Cognitive behavioral therapy (CBT) is one of the most effective treatments for chronic low back pain. However, only half of Veterans have access to trained CBT therapists, and program expansion is costly. Moreover, VA CBT programs consist of 10 weekly hour-long sessions delivered using an approach that is out-of-sync with stepped-care models designed to ensure that scarce resources are used as effectively and efficiently as possible. Data from prior CBT trials have documented substantial variation in patients' needs for extended treatment, and the characteristics of effective programs vary significantly. Some patients improve after the first few sessions while others need more extensive contact. After initially establishing a behavioral plan, still other Veterans may be able to reach behavioral and symptom goals using a personalized combination of manuals, shorter follow-up contacts with a therapist, and automated telephone monitoring and self-care support calls. In partnership with the National Pain Management Program, we propose to apply state-of-the-art principles from reinforcement learning (a field of artificial intelligence or AI used successfully in robotics and on-line consumer targeting) to develop an evidence-based, personalized CBT pain management service that automatically adapts to each Veteran's unique and changing needs (AI- CBT). AI-CBT will use feedback from patients about their progress in pain-related functioning measured daily via pedometer step-counts to automatically personalize the intensity and type of patient support; thereby ensuring that scarce therapist resources are used as efficiently as possible and potentially allowing programs with fixed budgets to serve many more Veterans.
The specific aims of the study are to: (1) demonstrate that AI-CBT has non-inferior pain-related outcomes compared to standard telephone CBT; (2) document that AI-CBT achieves these outcomes with more efficient use of scarce clinician resources as evidenced by less overall therapist time and no increase in the use of other VA health services; and (3) demonstrate the intervention's impact on proximal outcomes associated with treatment response, including program engagement, pain management skill acquisition, satisfaction with care, and patients' likelihood of dropout. We will use qualitative interviews with patients, clinicians, and VA operational partners to ensure that the service has features that maximize scalability, broad scale adoption, and impact. 278 patients with chronic low back pain will be recruited from the VA Connecticut Healthcare System and the VA Ann Arbor Healthcare System, and randomized to standard 10-sessions of telephone CBT versus AI-CBT. All patients will begin with weekly hour-long telephone counseling, but for patients in the AI-CBT group, those who demonstrate a significant treatment response will be stepped down through less resource-intensive alternatives to hour-long contacts, including: (a) 15 minute contacts with a therapist, and (b) CBT clinician feedback provided via interactive voice response calls (IVR). The AI engine will learn what works best in terms of patients' personally-tailored treatment plan based on daily feedback via IVR about patients' pedometer-measured step counts as well as their CBT skill practice and physical functioning. The AI algorithm we will use is designed to be as efficient as possible, so that the system can learn what works best for a given patient based on the collective experience of other similar patients as well as the individual's own history. Our hypothesis is that AI-CBT will result in pain-related functional outcomes that are no worse (and possibly better) than the standard approach, but by scaling back the intensity of contact that is not resulting in marginal gains in pain control, the AI-CBT approach will be significantly less costly in terms of therapy time. Secondary hypotheses are that AI-CBT will result in greater patient engagement and patient satisfaction. Outcomes will be measured at three and six months post recruitment and will include pain-related interference, treatment satisfaction, and treatment dropout.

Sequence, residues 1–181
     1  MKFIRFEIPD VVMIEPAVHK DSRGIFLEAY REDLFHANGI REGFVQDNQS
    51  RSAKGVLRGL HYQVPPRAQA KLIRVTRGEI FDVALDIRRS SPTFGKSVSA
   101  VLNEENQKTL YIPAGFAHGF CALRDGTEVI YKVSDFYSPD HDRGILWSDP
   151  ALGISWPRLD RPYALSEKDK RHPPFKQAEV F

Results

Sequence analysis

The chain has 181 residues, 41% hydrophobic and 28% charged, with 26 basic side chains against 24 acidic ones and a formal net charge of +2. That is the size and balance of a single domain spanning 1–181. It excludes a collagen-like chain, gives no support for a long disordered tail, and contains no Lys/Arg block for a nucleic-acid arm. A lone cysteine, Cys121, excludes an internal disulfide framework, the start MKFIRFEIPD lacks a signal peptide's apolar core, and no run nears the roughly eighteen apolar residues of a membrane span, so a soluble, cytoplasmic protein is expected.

This study will evaluate an intervention that increases Veterans' access to effective CBT pain management services while allowing VA to maximize program expansion given constrained resources. The intervention is designed to be fundamentally patient-centered - learning automatically 'what works' for each Veteran based on ongoing feedback regarding their pain-related functioning. If successful, the study will establish a new approach for using artificial intelligence to improve Veterans' pain care. Similar methods could be used to improve the efficiency of chronic disease management services for patients with depression, hypertension, diabetes, and other priority conditions.